Problems with count/uncount nouns
1: Uncount nouns used as count nouns
Although substances are usually uncount nouns...
Would you like some cheese?
Coffee keeps me awake at night.
Wine makes me sleep.
... they can be also used as count nouns:
|I’d like a coffee please.||=||I’d like a [cup of] coffee.|
|May I have a white wine.||=||May I have a [glass of] white wine.|
|They sell a lot of coffees.||=||They sell a lot of [different kinds of] coffee.|
|I prefer white wines to red.||=||I prefer [different kinds of] white wine to red.|
|They had over twenty cheeses on sale.||=||They had over twenty [types of] cheese on sale.|
|This is an excellent soft cheese.||=||This [kind of] soft cheese is excellent.|
2: Some nouns have both a count and an uncount form:
We should always have hope.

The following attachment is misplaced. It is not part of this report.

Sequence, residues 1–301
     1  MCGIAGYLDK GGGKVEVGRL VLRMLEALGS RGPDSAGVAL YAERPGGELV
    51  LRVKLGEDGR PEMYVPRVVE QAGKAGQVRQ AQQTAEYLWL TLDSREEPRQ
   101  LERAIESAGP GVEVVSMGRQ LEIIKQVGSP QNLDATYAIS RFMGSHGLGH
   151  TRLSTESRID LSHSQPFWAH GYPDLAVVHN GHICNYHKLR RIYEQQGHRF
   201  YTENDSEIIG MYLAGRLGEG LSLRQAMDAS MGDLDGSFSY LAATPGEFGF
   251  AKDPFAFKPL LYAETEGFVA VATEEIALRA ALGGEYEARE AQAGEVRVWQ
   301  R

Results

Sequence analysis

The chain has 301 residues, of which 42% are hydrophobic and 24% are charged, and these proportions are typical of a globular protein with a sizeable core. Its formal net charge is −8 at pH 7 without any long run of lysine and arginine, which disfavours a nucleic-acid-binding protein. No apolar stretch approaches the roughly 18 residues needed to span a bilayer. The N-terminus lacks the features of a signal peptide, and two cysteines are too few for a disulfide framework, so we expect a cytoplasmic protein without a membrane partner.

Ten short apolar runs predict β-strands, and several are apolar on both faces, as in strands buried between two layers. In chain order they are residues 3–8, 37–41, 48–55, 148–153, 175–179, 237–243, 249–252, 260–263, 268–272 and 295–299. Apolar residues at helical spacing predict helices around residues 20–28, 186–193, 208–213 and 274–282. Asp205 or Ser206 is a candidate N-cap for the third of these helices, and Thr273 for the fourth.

George had hopes of promotion.
Travel is a great teacher.
Where did you go on your travels?
3: Nouns with two meanings
Some nouns have two meanings, one count and the other non count:
His life was in danger.
There is a serious danger of fire.
Linguistics is the study of language.
Is English a difficult language?
It’s made of paper.
The Times is an excellent paper.
Other words like this are:
4: Uncount nouns that end in -s
Some uncount nouns end in -s so they look like plurals even though they are singular nouns.
These nouns generally refer to:
|Subjects of study:||mathematics, physics, economics, etc.|
|Activities:||gymnastics, athletics, etc.|
|Games:||cards, darts, billiards, etc.|
|Diseases:||mumps, measles, rabies, etc.|
Economics is a very difficult subject.
Billiards is easier than pool or snooker.